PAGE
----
Time to choose
Once you’ve made a little space and are not firefighting quite so much, the next thing to do is probably to make a decision about how you want to proceed with your marriage. I know it’s hard to take time to think about marriage or divorce when there’s an eating disorder, but it’s important.
I don’t have all the details, but what I can hear are three likely options to dealing with your marriage.
- Continue your current state of in-between, in which both of you feel things like angry, neglected and irritated;
- Commit to investing in your marriage and relationship with your husband;
- Or, commit to ending the marriage respectfully and thoughtfully.
All three of these options are really hard.
Many times we think that staying in the in-between is easiest and best for the kids, but the in-between is usually not easier or safer. While divorce is not great for a kid with an eating disorder, it’s also not always worse than the in-between.
In-between is a sort of avoidance. It’s asking the marriage to go on hold, to stay on ice while we make up our minds about whether we want to commit or divorce.
Like driving a car
But relationships, including marriages, are kind of like driving a car. When you drive a car, you can’t take your hands off the wheel or your eyes off the road while you do something else, even if it’s really important.
When driving, you have to constantly scan the environment and adjust your behavior to the conditions of the road. Driving isn’t about buying a ticket to the destination. Instead, you get in the car and decide where you are going, but your destination can always change.
You face obstacles and detours, but you also have options and agency.
When you drive a car, your foot is constantly changing its pressure on the gas pedal and seamlessly switches over to the brake when it needs to. Your hands are on the steering wheel, making micro-adjustments even on straight roads. And your eyes are always scanning the road ahead and your mirrors for obstacles, signs, and danger.
What does “hard” mean?
When people say marriage is hard, this is really what they mean. It requires constant attention. But just like driving, learning can be difficult, but with practice, fairly quickly we do it automatically. It feels natural.
I think very few of us would say that driving is hard, and yet we are always adjusting, always moving, and accommodating the other drivers while we plan our route and make stops along the way to refuel.
What I’m saying is that marriage, like driving, is active, and while sure, we can stop at rest stops or get a snack if we need one. But typically we’ve got to keep moving.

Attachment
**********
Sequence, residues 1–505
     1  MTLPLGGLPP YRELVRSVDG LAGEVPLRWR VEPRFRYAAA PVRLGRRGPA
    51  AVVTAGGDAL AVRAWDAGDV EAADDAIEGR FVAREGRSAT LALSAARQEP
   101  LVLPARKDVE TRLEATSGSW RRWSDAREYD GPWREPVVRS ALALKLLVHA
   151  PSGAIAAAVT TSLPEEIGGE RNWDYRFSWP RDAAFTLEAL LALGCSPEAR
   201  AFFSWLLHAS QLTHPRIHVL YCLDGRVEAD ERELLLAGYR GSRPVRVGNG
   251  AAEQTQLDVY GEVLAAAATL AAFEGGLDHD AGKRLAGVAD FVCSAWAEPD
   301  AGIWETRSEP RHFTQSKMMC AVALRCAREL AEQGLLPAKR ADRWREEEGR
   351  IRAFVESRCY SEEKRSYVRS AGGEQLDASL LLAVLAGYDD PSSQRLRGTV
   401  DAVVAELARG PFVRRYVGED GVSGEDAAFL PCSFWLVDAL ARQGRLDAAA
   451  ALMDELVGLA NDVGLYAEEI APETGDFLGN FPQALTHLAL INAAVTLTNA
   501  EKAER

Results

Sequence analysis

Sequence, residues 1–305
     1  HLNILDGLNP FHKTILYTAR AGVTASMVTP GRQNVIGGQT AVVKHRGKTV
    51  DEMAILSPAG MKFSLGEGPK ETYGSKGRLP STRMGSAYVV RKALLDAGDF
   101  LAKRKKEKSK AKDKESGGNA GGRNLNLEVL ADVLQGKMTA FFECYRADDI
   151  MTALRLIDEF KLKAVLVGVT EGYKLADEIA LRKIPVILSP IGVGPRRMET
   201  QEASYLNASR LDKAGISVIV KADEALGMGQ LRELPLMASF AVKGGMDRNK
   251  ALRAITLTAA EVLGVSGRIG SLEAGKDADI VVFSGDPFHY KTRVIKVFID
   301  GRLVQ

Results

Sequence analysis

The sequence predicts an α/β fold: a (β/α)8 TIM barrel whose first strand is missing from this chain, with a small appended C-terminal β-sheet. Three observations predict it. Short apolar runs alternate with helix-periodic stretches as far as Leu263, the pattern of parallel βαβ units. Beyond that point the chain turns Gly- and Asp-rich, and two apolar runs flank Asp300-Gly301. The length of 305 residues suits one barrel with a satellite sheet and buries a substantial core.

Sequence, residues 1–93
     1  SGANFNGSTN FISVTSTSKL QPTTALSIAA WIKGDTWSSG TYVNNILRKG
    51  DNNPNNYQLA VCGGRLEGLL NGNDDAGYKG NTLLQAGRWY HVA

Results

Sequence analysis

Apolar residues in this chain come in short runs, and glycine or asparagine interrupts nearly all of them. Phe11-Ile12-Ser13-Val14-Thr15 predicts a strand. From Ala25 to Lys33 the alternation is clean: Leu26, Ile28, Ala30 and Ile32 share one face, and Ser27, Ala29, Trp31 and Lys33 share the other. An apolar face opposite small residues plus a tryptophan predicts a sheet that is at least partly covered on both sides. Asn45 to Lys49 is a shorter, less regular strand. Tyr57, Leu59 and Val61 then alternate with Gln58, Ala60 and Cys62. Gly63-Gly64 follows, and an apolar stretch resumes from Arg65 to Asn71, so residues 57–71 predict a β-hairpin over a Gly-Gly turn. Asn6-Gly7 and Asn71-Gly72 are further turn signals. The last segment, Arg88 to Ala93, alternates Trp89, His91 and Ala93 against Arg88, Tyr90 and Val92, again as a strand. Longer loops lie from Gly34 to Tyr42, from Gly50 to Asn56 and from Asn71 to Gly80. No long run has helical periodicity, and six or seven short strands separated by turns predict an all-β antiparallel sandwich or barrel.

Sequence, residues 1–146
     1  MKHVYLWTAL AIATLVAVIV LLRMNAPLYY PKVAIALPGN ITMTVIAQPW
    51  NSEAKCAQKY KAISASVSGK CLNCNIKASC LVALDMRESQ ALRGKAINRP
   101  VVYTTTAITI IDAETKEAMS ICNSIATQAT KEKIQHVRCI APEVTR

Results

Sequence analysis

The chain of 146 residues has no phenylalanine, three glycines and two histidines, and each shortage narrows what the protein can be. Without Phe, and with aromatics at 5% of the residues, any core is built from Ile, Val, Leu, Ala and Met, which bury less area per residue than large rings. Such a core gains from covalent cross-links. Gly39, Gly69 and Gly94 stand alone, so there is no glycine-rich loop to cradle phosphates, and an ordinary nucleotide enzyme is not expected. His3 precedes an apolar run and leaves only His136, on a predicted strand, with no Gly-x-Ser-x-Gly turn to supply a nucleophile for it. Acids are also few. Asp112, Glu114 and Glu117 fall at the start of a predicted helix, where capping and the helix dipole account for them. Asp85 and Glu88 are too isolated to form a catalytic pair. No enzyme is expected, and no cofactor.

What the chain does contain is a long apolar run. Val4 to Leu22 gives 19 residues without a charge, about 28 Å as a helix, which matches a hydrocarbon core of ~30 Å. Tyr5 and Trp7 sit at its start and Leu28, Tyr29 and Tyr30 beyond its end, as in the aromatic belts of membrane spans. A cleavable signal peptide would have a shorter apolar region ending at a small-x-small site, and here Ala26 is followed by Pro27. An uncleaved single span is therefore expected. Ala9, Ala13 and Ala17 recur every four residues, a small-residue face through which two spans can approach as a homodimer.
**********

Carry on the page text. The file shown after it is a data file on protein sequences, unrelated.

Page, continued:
We’ve got to be active about where we’re going and how we’re responding to what shows up on the road.
Being in a marriage, just like driving, isn’t really a passive activity.
Many people who are in successful marriages say they wake up each morning and make an active choice to choose their destination and the partner they’re with.
Let’s circle back to your son’s recovery. While most eating disorder therapies focus on the child and their behavior (and that’s important!), I focus on the parents and how their thoughts, feelings and behavior, and the family’s emotional environment impacts the eating disorder.
The state of your marriage impacts your family’s emotional environment.
And if we look at the three options I suggested, I would say that the two options that will improve your family’s emotional environment are to make a choice either to rebuild your relationship with your husband or separate, respectfully and thoughtfully.
These two options are kind of like picking a destination on a map and heading towards it on purpose. There may be detours and heavy weather, but you can handle it.
I’m not suggesting either path, just that you pick one.
Nobody knows the answer to this except for you and your husband. You have both tried for years and I admire that.
And yes, just like driving, making an intentional choice for your marriage will require a commitment of your time, attention, and energy. But I do think that with a strategic approach to your son’s care – if you can get out of firefighting mode – you will be able to get the space you need to invest in whichever choice you make.
And I do believe that this approach, when done consciously and with thoughtful attention, will benefit your son’s recovery.
Ashley, I know there are no easy solutions here but I hope I’ve given you some food for thought. I’m sending you so much love as you face the next leg of your journey.
You can listen to this article as a podcast. Check it out and subscribe using your favorite podcast player.